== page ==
- Access to Right Information — Most of the claims around the dangers of the vaccine are unfounded. To tackle this, we could help women to “learn” and “enquire” to access the right information regarding the vaccination and the upcoming vaccination drive. Involving female front-line health workers from the local communities can help spread the right information. Studies show that vaccine hesitancy can be overcome if the information is spread through health care workers that women trust. This would also enable them to see the merit in getting other female family members vaccinated.
- Leveraging Self Help Groups (SHGs) And Community-Based Institutions — The individual determinants for taking up the vaccine also involves learning the experience of their community members. Leveraging the regular SHG meetings to discuss encouraging experiences of vaccinations, perhaps in the presence of a health worker, and its merits in many peri-urban areas of India can help build trust in the vaccination drive. The government can use its existing infrastructure of nurses/ASHA workers/NGOs community service providers and administer vaccines to every household – where each member of the household is vaccinated at their doorstep; much like the polio vaccination drive. This will also benefit the elderly and children in the household.
- Building Effective Communication — Strategizing ways to communicate the perks of getting vaccinated can be helpful in reducing “vaccine hesitancy”. Using popular media (like TV advertisements, newspapers and radio broadcasts) to show vaccinated women leading a normal lifestyle or busting other myths can help reduce misinformation and encourage take-up of vaccination.
- Digital Empowerment — Empowering rural women with digital knowledge, would not only lower their dependence on male members of their household but would also increase vaccination coverage for women. Since a persisting gender gap in mobile ownership can be a challenge, front-line health workers can visit the homes of unvaccinated women (in the villages) and help them register on CoWIN website using their tablets, mobile phones and other devices.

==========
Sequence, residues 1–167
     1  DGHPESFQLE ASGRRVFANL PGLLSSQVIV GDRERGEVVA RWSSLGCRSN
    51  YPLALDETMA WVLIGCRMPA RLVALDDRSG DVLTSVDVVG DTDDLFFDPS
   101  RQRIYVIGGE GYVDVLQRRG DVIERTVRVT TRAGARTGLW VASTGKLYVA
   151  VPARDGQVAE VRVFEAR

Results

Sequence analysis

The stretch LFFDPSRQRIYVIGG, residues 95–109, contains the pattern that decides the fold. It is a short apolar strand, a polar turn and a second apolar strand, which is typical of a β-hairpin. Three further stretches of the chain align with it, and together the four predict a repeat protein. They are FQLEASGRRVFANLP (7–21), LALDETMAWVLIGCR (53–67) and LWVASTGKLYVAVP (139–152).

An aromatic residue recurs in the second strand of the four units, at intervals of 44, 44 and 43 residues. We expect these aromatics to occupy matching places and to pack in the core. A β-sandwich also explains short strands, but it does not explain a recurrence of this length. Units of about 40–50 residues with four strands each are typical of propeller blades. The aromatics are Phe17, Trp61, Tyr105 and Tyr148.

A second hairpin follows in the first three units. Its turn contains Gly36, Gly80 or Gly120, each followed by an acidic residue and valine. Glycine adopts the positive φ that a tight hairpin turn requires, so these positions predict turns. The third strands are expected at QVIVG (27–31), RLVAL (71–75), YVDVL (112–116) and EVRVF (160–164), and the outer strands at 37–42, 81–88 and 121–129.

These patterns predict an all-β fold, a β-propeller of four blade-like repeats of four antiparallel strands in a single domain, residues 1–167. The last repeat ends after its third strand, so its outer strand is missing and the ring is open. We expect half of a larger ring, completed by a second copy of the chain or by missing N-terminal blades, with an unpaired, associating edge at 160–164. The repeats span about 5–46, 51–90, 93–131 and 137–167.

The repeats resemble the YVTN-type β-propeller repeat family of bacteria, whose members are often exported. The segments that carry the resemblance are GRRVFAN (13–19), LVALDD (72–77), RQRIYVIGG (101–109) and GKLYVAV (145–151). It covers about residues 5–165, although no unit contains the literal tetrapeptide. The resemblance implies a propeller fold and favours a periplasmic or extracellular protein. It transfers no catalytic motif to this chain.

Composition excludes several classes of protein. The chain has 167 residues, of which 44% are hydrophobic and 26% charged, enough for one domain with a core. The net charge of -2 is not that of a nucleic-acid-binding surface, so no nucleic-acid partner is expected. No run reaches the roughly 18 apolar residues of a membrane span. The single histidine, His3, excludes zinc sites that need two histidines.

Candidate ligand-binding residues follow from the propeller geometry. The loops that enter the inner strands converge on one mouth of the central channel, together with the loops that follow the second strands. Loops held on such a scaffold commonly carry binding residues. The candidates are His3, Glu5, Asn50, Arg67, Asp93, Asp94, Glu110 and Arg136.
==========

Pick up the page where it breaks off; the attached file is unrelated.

The second wave of COVID-19 resulted in a need for the Government of India to ramp up the vaccination drive. However, in the process, female citizens, especially rural women, seem to have been excluded. Interestingly, this seems to be both a supply (shortage of vaccine) and a demand (lack of willingness to take the vaccine) side problem. We believe that the “gender gap” in vaccination could be due to hesitancy among women in taking them. In order to address this, we discuss a few solutions around myth-busting, enhancing their digital empowerment and also enhancing public support for them.
Image Credit: Trinity Care Foundation/flickr
About the Authors
Bhavya Shrivastava is a Research Associate with the Financial Inclusion vertical at LEAD. She works in most of the areas of Financial Health i.e financial security, resilience, freedom and control. Prior to joining LEAD, Bhavya worked for the Tamil Nadu Household Panel Survey (TNHPS) for a survey that aimed to assess intertemporal changes in income and occupation of the residents in Tamil Nadu, India.
Komal Jain is a Research Associate at the Financial Inclusion vertical at LEAD. She has been involved with an agricultural evaluation, and a meta-analysis of an evidence-gap map, apart from other projects. Komal is interested in evidence-based research and policymaking for agriculture, gender, and health. Prior to joining LEAD, she has worked extensively on agriculture and energy-related impact evaluations with NEERMAN.
Sabina Yasmin is a Research Fellow at LEAD and currently also serves as a Bharat Inclusion Fellow. Her research interests include agricultural economics, rural finance, development economics and applied microeconomics. Sabina is immensely passionate about using her work for the upliftment of marginalised people. Prior to joining LEAD, she taught economics to engineering and social science students at SRM University-Amravati.